Recommended Actions Based on Blood Lead Level

Summary of Recommendations for Follow-up and Case Management for Children

CDC recommends testing blood for lead exposure. Two types of blood collection tests may be used:

Child's finger giving blood through a finger prick.

Capillary sample: A finger-prick or heel-prick is used to take a small amount of blood to test for lead.

Blood Lead Test

Venous sample: A small amount of blood is taken after a needle is inserted into the patient’s vein to test for lead.

A patient’s blood lead level (BLL) is measured in micrograms of lead per deciliter of blood (μg/dL). Recommendations are provided for initial screening capillary and confirmed* venous BLLs.

Initial Screening Blood Lead Level

Healthcare providers may use a capillary or venous sample for initial BLL screening. If the capillary results are equal to or greater than CDC’s Blood Lead Reference Value (BLRV), providers should collect a venous sample. If a venous sample was taken during the initial screening test, skip to Confirmed Venous Blood Lead Level.

Confirmed Venous Blood Lead Level

CDC recommends that healthcare providers use a venous draw for confirmatory BLL screening. If the initial screening test used a venous sample, the patient does not need another venous draw.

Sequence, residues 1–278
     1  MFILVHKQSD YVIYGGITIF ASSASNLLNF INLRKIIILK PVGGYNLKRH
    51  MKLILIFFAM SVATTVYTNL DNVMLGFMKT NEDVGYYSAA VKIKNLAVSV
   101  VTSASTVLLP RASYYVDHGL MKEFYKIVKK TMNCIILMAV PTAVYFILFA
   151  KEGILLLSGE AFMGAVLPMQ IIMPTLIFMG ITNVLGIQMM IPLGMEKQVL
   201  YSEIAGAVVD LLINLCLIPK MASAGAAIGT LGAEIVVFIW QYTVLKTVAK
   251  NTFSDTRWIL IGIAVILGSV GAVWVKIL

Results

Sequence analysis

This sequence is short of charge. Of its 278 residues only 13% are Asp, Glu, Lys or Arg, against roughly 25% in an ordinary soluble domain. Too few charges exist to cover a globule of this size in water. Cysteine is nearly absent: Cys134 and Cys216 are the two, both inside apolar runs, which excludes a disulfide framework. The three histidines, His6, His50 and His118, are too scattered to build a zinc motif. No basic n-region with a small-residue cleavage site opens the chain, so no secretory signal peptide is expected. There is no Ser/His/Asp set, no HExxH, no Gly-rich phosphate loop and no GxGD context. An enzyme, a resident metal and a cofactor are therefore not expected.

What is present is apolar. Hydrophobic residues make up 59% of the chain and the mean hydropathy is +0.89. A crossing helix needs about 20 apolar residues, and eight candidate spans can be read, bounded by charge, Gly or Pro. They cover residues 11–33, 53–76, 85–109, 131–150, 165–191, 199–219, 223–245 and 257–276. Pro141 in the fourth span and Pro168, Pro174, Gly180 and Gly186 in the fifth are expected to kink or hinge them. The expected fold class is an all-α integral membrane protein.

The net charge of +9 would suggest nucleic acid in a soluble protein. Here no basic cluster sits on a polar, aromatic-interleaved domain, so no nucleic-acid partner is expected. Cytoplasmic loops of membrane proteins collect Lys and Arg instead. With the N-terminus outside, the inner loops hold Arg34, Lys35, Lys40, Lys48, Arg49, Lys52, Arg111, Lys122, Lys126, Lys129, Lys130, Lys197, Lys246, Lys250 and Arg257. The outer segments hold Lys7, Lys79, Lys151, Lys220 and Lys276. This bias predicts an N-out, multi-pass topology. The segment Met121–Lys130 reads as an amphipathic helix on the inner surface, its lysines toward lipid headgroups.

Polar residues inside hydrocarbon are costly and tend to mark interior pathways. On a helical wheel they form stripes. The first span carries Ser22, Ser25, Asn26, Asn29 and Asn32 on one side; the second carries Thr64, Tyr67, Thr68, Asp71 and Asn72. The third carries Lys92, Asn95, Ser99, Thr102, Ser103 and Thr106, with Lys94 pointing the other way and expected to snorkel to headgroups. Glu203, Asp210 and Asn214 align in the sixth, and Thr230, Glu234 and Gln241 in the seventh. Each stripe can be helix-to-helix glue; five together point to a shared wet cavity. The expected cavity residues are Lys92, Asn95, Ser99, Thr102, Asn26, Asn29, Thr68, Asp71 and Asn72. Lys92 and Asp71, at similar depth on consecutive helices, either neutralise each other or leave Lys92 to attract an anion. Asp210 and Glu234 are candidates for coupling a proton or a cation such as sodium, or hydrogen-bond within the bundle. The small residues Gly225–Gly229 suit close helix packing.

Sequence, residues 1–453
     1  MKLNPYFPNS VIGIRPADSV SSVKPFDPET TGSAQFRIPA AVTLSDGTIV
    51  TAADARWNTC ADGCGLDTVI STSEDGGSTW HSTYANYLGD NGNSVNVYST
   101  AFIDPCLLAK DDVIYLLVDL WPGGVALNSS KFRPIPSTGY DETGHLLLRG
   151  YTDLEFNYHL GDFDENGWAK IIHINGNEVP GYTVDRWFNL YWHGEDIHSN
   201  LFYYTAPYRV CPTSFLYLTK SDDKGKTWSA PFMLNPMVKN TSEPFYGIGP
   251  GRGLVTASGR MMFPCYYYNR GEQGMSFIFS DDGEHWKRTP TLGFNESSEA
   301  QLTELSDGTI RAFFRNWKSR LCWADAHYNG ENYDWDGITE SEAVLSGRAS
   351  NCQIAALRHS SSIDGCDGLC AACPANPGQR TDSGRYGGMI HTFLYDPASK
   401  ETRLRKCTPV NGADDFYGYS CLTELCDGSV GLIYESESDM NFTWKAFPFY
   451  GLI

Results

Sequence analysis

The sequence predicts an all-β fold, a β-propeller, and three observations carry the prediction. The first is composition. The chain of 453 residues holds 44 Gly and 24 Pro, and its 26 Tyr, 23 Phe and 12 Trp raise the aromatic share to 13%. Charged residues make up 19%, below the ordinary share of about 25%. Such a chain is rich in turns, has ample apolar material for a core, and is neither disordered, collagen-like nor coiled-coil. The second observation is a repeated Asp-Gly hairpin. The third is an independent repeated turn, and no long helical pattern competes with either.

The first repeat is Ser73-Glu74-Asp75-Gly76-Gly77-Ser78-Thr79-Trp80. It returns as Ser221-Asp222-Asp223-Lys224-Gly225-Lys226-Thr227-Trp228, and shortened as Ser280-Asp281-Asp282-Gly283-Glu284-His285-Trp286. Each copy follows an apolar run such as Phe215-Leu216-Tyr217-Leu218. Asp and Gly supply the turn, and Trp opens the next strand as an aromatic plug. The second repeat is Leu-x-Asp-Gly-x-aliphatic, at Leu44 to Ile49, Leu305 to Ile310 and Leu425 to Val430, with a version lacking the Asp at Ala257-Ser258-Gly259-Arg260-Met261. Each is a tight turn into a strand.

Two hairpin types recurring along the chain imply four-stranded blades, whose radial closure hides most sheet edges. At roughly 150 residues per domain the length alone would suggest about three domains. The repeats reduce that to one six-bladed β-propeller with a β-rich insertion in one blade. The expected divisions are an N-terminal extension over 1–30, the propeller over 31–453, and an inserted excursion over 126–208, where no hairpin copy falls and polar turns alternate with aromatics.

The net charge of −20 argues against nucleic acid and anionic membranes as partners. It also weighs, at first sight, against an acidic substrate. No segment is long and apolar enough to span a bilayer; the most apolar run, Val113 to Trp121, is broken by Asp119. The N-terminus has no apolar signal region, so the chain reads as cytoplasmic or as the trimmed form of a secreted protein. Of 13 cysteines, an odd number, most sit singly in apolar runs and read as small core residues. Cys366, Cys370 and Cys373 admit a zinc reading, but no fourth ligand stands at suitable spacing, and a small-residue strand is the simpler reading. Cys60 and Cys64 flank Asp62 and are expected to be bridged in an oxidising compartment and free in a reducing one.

Table 1: Recommended Schedule for Obtaining a Confirmatory Venous Sample

Recommended Schedule for Obtaining a Confirmatory Venous Sample
Blood Lead Level (μg/dL) Time to Confirmation Testing**
≥3.5–9 Within 3 months
10–19 Within 1 month
20–44 Within 2 weeks
≥45 Within 48 hours

**The higher the BLL is on the initial screening capillary test, the more urgent it is to get a venous sample for confirmatory testing.

Table 2: Schedule for Follow-Up Blood Lead Testinga

Schedule for Follow-Up Blood Lead Testing
Venous blood lead levels (µg/dL) Early follow up testing (2–4 tests after initial test above specific venous BLLs) Later follow up testing after BLL declining
≥3.5–9 3 months* 6–9 months
10–19 1–3 months* 3–6 months
20–44 2 weeks–1 month 1–3 months
≥45 As soon as possible As soon as possible

a Changes in BLLs due to seasonal weather changes may be more apparent in colder climate areas. Greater exposure in the summer months may necessitate more frequent follow ups.

*Some case managers or healthcare providers may choose to repeat blood lead tests on all new patients within a month. Repeated testing may confirm that the child’s BLL is decreasing.


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